Historically, we have adequately protected our cultural policy-making space, but in the last five or six years, we have not. We have begun to move in a direction away from a general cultural exemption, and this, in my observation, is going to cause us serious concerns. The backslide began with the comprehensive and economic trade agreement between Canada and the European Union, where, instead of a general cultural exemption, we sought to exempt culture on a chapter-by-chapter basis. We have continued that model in the TPP, and it's a very weak model because a chapter-by-chapter exemption in the TPP is a unilateral exemption by Canada. It's not a mutually agreed exemption between the partner countries. It's a unilateral exemption by Canada. It's not underpinned by any strong provision in the preamble or by anything in the right to regulate section. We're very concerned about that.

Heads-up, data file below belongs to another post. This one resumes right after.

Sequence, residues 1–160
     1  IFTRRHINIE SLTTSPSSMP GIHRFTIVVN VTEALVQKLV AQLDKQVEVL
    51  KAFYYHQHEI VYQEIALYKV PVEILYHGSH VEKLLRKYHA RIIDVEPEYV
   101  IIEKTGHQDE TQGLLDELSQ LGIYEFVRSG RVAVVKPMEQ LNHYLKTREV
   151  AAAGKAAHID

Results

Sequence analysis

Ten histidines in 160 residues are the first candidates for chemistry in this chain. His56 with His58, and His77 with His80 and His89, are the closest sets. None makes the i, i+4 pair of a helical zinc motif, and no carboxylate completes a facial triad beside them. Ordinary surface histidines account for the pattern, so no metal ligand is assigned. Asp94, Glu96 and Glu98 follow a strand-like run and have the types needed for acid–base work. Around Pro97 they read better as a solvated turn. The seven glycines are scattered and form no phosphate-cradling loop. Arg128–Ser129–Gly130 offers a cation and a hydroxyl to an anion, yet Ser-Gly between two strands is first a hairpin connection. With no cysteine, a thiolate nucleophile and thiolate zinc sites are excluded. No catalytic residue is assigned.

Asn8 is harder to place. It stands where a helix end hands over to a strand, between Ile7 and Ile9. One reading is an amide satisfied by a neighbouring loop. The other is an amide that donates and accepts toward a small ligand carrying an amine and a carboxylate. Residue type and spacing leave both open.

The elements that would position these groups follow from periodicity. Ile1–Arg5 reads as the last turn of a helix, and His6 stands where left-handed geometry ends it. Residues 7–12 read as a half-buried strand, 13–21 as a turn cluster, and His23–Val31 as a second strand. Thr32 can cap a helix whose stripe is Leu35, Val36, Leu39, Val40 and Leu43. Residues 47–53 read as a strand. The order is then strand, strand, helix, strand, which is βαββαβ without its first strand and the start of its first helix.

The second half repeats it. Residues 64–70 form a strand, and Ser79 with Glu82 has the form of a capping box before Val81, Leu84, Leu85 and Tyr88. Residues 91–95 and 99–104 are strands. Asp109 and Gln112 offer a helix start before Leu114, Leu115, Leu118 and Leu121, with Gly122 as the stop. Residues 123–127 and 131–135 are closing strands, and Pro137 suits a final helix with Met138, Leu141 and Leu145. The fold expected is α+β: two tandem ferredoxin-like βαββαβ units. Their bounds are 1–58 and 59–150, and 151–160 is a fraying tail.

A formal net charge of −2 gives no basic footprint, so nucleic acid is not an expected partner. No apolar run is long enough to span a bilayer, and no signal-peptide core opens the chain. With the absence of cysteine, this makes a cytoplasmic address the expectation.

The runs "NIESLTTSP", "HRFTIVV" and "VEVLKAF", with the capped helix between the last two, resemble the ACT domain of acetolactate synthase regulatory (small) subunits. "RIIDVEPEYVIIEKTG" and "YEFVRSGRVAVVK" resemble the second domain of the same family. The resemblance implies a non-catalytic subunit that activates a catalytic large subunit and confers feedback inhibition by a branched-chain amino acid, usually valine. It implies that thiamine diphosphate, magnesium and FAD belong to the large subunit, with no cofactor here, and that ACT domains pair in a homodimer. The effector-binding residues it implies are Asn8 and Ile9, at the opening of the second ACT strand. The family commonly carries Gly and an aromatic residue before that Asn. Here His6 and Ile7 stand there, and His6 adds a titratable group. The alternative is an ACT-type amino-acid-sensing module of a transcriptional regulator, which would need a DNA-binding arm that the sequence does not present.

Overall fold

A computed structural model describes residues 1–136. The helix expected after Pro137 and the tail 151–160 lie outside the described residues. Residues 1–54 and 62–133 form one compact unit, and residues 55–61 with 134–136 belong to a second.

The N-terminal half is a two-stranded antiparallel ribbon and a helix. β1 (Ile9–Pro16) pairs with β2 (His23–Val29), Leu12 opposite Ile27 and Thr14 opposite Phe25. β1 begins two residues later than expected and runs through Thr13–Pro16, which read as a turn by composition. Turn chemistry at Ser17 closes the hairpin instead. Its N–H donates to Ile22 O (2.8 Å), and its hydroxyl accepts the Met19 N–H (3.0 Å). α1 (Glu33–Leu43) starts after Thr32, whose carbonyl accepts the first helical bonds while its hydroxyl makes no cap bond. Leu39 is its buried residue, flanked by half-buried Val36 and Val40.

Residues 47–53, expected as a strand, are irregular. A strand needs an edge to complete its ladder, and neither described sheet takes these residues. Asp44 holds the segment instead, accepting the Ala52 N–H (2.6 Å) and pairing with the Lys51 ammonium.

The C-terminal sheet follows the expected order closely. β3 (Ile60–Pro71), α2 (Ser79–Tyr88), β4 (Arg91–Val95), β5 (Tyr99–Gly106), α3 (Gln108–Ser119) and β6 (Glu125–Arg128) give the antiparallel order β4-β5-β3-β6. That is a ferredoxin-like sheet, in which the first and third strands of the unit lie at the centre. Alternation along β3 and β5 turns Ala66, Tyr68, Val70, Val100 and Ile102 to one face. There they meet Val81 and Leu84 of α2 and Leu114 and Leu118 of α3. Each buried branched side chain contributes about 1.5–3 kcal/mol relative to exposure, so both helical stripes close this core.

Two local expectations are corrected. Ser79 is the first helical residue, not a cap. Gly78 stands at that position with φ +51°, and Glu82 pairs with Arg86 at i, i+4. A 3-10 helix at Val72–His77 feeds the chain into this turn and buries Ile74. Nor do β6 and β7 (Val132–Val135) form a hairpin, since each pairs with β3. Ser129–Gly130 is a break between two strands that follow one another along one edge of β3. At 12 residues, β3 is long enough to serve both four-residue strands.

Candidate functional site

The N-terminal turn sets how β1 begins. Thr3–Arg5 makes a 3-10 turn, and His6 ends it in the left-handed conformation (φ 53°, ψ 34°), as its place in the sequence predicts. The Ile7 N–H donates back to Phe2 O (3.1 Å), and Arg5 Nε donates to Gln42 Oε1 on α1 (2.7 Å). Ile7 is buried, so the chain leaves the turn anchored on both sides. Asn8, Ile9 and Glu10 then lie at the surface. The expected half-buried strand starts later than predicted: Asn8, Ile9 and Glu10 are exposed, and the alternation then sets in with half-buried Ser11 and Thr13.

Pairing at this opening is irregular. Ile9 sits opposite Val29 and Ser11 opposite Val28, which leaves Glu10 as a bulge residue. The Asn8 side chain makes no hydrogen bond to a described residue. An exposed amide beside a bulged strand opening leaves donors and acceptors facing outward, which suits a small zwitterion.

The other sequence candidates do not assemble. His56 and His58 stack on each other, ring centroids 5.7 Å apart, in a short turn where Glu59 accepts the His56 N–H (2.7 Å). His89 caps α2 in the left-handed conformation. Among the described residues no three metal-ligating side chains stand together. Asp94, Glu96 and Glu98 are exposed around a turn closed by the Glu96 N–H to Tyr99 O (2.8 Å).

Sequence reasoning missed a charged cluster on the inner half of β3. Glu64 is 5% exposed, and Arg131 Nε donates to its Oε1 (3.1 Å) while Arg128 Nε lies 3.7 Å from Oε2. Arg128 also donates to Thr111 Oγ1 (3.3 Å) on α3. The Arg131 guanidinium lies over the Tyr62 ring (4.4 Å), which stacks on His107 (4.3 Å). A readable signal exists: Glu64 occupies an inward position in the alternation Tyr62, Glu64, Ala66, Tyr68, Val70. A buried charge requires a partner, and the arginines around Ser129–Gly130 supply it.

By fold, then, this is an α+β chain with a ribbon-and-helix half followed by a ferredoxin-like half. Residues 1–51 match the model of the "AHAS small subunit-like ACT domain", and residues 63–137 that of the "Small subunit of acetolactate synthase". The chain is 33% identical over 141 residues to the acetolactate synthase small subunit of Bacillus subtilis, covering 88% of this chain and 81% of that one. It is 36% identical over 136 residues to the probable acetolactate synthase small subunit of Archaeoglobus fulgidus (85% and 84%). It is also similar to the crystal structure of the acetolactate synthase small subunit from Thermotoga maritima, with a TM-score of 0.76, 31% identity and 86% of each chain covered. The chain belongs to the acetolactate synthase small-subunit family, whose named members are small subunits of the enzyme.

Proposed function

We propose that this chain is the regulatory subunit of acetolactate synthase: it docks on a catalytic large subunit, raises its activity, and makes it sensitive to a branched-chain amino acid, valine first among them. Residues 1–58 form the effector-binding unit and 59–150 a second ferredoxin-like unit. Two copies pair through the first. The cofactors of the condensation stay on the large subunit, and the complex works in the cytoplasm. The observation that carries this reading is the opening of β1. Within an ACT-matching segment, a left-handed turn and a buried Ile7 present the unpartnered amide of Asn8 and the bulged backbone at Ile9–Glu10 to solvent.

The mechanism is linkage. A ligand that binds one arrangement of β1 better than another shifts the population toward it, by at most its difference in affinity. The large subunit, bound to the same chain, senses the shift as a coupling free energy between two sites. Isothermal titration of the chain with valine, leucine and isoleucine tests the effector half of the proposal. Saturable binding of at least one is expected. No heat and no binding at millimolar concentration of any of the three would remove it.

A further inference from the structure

The changes that were made to enable us to sign the CPTPP are simply not adequate to overcome those problems. The side letters are positive, and they do recognize that we have certain additional rights, but basically all they do is eliminate the restrictions we put on our own cultural exemption. We restricted our cultural exemption, and the side letters seek to eliminate those restrictions.
The new preamble provision is fine. It recognizes the importance of cultural diversity and of promoting it, but unfortunately, preambular language, as this committee knows, is not binding. It does not overturn a clear provision of an agreement. It's simply used as an interpretative tool. So, in fact, we are very concerned.